Somali pirates have hijacked a Singaporean registered vessel with a crew of 17 off the coast of Kenya, Singapore maritime body said on Sunday.
A statement from the Maritime and Port Authority of Singapore (MPA) said it received a report that a Singapore-registered Liquefied Petroleum Gas vessel, York, was boarded by suspected pirates at about 90 nautical miles from Mombasa, Kenya. It said the liquefied petroleum gas vessel, York, issued a distress call on Saturday night while at the time the pirates boarded, and the vessel was on its way from Mombasa to Mahe, Seychelles.
“A distress alert was received at about 2025 hrs (Singapore time) on October 23, 2010 while at position Lat 4 degrees 11’S Long 41 degrees 19’E,” the statement said.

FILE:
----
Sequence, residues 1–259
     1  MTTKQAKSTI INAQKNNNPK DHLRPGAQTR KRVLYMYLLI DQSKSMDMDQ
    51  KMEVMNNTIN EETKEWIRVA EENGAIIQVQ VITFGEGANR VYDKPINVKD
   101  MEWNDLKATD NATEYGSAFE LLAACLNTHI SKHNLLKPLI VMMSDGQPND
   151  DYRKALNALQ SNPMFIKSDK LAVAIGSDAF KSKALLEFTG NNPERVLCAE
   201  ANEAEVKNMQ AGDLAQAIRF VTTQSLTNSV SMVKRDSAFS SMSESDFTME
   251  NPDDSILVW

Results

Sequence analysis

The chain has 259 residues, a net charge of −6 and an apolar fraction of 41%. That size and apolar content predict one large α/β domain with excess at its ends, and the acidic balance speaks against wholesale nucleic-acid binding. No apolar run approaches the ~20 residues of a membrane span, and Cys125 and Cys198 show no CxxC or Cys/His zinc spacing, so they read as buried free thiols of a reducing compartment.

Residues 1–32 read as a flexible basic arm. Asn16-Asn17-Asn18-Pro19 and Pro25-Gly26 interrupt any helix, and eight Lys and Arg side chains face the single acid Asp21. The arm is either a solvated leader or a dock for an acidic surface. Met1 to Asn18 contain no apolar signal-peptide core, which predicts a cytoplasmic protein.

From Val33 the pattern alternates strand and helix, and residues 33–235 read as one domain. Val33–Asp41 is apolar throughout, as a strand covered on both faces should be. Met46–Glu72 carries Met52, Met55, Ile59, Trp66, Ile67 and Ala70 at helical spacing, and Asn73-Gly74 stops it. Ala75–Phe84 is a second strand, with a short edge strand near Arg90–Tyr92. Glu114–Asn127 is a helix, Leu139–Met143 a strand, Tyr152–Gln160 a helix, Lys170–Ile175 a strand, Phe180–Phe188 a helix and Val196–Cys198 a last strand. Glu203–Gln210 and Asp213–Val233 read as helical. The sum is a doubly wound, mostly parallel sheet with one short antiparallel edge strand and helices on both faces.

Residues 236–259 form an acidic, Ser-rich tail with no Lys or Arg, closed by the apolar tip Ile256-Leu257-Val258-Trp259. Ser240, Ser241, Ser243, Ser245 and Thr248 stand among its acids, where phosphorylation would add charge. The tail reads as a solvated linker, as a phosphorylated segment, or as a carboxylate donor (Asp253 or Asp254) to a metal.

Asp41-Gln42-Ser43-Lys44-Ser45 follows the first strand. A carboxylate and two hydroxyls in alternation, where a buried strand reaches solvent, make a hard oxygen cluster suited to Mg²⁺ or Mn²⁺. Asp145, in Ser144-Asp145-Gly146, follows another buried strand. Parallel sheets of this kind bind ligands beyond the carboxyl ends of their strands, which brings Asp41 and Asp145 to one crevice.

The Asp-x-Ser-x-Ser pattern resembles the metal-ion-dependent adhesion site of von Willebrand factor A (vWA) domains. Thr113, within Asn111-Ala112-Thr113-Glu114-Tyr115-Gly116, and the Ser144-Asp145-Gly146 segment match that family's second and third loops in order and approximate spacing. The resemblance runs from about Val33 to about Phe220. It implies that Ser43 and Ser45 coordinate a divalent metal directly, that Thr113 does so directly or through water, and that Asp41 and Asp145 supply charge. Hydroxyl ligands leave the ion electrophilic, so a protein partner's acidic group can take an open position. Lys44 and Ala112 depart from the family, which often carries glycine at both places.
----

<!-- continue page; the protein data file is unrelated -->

The port authority said it was working with the ship’s owner and other government agencies to secure its release.
Pirates are holding nearly 20 ships with a total of nearly 400 hostages, according to the European Union Naval Force Somalia.
Most hijackings end without casualties when a ransom has been paid, but often after several months of negotiations.
The Gulf of Aden, a body of water between Somalia and Yemen, is the main sea route between Europe and Asia.
Tankers carrying Middle East oil through the Suez Canal must pass first through the Gulf of Aden. About 4 percent of the world’s daily oil supply is shipped through the gulf.
The attacks are being carried out by increasingly well- coordinated Somali gangs armed with automatic weapons and rocket- propelled grenades, maritime officials said. The Horn of Africa nation has been without a functioning government since 1991, and remains one of the world’s most violent and lawless countries. (PNA/Xinhua)